Another reason behind this is the different way people look at creativity. Take the example of deliberate creativity, characterized by being more goal-directed and attention-demanding. Deliberate creativity is the one that is mostly tested during studies. The other type of creativity is spontaneous creativity, where the mental state is characterized by random, bizarre, unfiltered, and unrestrained thoughts. Deliberate creativity is like asking someone to be more creative, while spontaneous creativity is letting people’s thoughts flow to the creative spheres. When a person is under the influence of psychedelics, there is a decrease in deliberate creativity and an increase in spontaneous insight. They are more likely to have improved the letting-your-brain-go kind of creativity. Once the drug wears off, deliberate creativity increases.

One of the factors that have been hindering this research is the stigma attached to this topic. People still are wary of these researches. Some think that it is bad to give drugs to people, even if it’s for research, while others think of this research as just a free way to get drugs. It is important to work through this stigma and find participants who are serious about the research.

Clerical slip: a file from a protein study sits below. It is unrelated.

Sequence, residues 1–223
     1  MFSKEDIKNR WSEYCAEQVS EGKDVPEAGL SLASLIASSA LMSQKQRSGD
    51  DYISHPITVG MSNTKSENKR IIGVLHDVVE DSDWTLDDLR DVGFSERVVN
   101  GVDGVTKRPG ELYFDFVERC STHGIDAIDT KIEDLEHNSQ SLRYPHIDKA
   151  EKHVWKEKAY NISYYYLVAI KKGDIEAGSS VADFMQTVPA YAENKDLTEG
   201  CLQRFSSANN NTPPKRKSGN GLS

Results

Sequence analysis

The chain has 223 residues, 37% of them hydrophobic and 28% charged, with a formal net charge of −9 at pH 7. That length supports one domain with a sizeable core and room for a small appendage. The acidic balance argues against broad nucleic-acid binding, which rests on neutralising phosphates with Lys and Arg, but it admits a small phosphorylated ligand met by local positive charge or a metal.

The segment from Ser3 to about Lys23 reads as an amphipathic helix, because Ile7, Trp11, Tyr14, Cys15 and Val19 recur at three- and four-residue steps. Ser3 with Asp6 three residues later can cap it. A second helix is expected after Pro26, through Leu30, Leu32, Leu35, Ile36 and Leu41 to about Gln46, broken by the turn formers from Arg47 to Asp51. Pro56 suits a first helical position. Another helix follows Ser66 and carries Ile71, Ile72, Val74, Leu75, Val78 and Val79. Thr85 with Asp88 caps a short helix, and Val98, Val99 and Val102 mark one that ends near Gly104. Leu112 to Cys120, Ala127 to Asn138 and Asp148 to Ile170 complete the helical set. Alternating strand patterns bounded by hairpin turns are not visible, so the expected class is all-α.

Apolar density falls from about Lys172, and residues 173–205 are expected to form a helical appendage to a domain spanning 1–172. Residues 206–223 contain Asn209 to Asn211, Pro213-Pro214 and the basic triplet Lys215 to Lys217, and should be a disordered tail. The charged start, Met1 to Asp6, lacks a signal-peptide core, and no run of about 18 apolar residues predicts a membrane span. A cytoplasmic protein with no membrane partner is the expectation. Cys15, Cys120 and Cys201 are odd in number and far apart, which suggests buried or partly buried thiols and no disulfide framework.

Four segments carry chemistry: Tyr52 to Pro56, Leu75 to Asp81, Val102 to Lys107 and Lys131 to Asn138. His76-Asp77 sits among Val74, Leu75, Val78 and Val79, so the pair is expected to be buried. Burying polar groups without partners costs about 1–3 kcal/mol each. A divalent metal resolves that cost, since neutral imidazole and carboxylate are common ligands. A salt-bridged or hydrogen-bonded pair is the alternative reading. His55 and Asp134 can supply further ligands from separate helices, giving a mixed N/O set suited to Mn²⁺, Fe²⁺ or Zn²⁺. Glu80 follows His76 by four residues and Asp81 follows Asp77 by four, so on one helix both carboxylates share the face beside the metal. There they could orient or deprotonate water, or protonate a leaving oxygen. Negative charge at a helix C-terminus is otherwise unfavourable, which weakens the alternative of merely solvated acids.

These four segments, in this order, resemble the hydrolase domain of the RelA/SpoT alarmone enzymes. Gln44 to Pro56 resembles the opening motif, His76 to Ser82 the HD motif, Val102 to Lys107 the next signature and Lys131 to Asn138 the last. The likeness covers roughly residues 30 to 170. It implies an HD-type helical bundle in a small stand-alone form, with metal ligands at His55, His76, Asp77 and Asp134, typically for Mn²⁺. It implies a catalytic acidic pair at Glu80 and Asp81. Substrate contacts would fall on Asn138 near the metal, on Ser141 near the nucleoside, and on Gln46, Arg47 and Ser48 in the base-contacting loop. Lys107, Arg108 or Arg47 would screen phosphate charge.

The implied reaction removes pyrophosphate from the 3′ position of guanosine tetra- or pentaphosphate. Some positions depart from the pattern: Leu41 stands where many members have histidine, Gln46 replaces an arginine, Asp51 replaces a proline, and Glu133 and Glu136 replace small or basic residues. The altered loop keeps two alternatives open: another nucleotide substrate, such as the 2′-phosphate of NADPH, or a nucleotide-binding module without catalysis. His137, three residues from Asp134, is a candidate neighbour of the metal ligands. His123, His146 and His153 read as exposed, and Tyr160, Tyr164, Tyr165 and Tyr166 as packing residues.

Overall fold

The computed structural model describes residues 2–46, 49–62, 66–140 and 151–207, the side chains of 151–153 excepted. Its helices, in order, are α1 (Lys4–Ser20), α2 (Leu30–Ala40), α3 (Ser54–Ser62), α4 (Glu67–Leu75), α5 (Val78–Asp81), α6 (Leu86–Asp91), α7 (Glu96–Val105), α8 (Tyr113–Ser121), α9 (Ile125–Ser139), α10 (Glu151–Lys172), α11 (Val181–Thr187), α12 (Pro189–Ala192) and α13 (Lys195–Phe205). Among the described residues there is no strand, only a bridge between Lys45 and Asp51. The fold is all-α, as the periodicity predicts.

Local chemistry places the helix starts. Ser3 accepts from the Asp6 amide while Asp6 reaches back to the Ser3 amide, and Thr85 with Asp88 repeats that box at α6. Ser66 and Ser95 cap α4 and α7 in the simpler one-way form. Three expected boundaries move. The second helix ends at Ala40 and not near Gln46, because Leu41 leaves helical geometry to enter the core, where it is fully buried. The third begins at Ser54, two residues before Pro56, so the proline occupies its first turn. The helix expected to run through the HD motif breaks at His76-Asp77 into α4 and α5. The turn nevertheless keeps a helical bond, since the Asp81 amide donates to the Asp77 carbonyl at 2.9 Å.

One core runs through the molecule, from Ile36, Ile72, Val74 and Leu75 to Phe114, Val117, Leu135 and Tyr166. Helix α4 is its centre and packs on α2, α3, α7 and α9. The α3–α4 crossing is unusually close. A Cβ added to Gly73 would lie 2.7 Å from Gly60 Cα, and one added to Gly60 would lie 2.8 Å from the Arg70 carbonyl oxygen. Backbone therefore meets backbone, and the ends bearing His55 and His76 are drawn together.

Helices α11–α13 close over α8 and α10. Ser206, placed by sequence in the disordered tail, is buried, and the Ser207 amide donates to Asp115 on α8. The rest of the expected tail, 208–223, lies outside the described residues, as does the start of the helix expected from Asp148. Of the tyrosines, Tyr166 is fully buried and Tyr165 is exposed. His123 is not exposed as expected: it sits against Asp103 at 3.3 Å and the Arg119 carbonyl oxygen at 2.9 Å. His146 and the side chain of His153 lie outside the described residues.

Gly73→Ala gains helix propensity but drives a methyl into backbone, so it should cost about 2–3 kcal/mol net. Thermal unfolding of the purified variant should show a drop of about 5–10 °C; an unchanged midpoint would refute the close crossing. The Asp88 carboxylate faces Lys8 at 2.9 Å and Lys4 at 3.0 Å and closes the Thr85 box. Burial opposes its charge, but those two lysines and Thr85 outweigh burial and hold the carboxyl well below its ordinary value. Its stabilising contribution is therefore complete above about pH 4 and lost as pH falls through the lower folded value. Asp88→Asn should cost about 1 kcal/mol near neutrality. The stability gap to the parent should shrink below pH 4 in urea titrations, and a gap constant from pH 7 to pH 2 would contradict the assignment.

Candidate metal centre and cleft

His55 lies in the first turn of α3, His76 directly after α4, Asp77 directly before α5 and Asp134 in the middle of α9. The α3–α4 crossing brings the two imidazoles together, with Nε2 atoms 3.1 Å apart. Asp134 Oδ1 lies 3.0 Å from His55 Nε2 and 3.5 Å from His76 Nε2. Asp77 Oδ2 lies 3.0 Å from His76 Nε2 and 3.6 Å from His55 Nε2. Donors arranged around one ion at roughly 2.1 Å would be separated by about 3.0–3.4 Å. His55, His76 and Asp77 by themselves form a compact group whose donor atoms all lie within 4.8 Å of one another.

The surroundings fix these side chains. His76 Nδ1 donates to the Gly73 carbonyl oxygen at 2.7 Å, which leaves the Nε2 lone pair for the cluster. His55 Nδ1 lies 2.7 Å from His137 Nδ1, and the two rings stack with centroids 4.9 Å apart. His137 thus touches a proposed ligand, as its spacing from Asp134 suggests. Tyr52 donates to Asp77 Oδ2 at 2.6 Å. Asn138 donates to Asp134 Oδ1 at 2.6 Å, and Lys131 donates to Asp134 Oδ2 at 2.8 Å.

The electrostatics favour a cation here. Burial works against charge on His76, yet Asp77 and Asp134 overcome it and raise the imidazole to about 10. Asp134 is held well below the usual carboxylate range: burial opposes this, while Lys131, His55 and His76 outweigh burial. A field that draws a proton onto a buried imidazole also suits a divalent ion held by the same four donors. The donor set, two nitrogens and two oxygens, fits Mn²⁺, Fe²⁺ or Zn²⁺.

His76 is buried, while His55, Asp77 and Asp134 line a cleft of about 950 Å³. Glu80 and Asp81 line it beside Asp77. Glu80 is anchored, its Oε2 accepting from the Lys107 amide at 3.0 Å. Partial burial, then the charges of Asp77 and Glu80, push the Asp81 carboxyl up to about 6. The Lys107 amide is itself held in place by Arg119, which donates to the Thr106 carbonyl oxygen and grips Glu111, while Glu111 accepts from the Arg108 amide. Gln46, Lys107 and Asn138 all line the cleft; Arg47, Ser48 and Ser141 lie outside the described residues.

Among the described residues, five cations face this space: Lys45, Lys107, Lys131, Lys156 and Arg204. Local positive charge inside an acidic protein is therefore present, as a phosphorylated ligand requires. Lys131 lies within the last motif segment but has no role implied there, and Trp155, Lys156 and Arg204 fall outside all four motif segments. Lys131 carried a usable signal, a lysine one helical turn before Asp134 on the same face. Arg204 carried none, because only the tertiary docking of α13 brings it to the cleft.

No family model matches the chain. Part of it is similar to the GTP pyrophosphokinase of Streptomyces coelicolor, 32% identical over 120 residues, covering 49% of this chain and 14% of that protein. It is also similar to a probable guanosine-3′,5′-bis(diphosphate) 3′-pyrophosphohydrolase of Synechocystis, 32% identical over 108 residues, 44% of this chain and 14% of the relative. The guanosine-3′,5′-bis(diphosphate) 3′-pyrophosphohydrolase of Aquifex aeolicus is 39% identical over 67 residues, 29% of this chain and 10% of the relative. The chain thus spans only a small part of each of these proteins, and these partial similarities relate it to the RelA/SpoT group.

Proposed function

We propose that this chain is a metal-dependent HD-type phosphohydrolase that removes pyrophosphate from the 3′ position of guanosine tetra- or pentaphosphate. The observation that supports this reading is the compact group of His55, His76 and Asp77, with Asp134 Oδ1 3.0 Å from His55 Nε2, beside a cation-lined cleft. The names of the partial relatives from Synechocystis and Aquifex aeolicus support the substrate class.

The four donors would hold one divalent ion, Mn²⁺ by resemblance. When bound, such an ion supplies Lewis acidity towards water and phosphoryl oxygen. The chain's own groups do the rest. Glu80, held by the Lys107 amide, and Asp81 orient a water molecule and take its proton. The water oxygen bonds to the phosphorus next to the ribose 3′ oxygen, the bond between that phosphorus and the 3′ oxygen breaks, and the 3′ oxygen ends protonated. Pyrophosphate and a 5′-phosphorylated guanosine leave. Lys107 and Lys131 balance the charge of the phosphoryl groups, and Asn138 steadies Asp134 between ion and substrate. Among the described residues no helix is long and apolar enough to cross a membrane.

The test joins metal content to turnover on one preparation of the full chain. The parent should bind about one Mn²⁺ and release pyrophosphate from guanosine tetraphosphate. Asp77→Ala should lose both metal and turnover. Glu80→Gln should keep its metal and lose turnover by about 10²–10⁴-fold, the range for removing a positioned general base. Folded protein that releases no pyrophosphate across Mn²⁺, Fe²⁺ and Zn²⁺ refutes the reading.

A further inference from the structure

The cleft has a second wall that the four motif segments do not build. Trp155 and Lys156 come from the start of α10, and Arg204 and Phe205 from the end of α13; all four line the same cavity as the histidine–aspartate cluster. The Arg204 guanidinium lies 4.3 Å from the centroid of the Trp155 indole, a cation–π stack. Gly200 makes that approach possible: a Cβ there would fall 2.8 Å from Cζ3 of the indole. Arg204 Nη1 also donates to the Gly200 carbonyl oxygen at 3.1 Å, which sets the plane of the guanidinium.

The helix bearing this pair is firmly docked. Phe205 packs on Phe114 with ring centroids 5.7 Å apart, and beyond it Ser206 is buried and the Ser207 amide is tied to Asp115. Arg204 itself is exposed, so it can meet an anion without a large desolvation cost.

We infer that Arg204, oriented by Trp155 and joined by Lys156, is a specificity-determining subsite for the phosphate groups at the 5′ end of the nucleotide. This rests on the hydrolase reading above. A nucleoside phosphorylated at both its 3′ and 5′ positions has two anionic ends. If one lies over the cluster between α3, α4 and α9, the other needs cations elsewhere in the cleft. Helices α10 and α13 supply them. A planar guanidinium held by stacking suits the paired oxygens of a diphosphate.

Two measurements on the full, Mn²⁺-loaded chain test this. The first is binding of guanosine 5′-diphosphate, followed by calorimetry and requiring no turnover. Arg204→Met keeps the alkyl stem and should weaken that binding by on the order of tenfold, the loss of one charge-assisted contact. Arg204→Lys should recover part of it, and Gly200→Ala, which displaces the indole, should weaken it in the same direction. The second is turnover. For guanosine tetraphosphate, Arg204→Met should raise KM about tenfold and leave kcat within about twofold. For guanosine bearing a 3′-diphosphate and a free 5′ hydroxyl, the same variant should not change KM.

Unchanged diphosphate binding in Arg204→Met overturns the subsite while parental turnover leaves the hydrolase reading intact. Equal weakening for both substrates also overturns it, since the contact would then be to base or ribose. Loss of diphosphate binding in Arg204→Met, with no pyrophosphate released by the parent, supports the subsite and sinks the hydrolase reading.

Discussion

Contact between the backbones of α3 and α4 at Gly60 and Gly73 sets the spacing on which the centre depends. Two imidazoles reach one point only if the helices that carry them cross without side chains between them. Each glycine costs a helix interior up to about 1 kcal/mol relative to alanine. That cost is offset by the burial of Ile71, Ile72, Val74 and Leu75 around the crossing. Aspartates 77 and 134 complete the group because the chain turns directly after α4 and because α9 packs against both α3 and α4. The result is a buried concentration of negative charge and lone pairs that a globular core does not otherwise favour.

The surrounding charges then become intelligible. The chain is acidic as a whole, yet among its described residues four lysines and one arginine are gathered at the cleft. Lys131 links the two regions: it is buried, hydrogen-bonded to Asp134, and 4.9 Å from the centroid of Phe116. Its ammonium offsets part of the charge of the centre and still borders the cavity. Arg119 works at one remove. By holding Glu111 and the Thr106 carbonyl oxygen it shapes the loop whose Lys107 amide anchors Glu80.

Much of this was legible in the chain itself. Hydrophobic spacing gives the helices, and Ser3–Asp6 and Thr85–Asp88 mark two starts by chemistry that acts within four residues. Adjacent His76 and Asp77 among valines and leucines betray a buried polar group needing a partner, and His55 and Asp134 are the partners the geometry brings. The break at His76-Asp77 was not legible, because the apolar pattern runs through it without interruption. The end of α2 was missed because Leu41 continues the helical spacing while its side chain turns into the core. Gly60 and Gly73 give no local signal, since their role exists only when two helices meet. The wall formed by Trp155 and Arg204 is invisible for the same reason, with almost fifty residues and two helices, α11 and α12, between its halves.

brown brain decor in selective-focus photography

Use of Psychedelics in the Treatment of Alzheimer’s

There is no denying the positive impact psychedelic drugs like DMT, psilocybin, and LSD have on mood disorders, such as anxiety and depression. Several studies have proven the same. However, apart from psychological benefits, psychedelics have been known to have positive effects on neuroplasticity and neuroinflammation as well. The reason behind this is their physiological mechanisms of action, which have inspired new research. Studies are now being conducted on whether psychedelic therapies can help neurodegenerative conductions, such as Alzheimer’s disease and dementia. Read on to learn how psychedelics are used in the treatment of Alzheimer’s.